The Paris Commune was the biggest and last popular revolution in western Europe - ending the cycle of revolutions that started in 1789. The Parisians, reeling from defeat in the Franco-Prussian War set up their own revolutionary administration. Government troops eventually retook the city and took a terrible revenge: thousands died in the bloodbath that followed. The short-lived Commune and its repression cast a long shadow. It exposed deep divisions in French society and became a potent inspiration for the radical left. This stirring new study written with great zest, and a vivid sense of time and place lets the reader experience these tumultuous events at first hand and provides a comprehensive synthesis of recent research in both French and English.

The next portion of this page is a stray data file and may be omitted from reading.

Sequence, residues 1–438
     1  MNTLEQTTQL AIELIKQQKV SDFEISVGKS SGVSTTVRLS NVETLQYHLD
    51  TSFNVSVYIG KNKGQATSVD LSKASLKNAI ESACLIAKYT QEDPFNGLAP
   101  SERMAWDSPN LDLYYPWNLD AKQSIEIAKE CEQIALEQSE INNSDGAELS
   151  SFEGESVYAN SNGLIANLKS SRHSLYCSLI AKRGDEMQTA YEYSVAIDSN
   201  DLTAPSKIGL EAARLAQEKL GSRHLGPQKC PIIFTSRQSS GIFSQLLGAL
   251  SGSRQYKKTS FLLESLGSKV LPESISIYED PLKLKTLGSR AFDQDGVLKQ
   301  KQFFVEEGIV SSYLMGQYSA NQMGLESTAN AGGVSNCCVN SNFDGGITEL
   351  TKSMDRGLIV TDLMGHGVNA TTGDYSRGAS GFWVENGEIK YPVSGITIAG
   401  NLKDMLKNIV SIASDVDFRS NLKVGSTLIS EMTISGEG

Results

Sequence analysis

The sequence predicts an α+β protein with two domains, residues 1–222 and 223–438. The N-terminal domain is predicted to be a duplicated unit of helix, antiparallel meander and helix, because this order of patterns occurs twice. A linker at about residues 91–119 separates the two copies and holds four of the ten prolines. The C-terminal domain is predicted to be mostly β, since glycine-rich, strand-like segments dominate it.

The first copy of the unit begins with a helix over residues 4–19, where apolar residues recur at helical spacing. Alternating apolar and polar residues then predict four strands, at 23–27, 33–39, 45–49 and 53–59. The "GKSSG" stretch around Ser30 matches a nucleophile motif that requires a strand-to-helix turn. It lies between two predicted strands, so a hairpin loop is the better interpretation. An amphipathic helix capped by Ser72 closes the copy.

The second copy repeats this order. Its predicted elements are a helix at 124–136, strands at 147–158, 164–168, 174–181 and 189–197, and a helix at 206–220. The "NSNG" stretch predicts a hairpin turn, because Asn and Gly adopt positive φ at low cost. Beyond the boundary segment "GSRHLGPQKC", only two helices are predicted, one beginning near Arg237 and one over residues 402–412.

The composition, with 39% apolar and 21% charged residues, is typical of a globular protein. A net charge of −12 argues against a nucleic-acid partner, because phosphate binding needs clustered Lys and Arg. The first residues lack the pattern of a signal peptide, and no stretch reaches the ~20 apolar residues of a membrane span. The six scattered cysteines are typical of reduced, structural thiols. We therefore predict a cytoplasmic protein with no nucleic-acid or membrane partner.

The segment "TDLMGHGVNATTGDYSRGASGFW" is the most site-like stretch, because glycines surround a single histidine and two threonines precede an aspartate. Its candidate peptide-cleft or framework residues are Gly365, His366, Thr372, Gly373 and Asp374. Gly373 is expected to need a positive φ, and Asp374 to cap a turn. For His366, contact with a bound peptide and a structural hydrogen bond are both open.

Table of Contents
Prologue: The Communes - A Narrative Introduction. 1. Paris bivouac of the revolution. 2. From people's war to people's revolution June 1870-March 1871. 3. `The political form at last discovered'? The Commune as government
4. A new revolutionary people? 5. The Last Struggle. 6. Consequences, Representations and Meanings. 7. Conclusion. Guide to Further Reading. Chronology.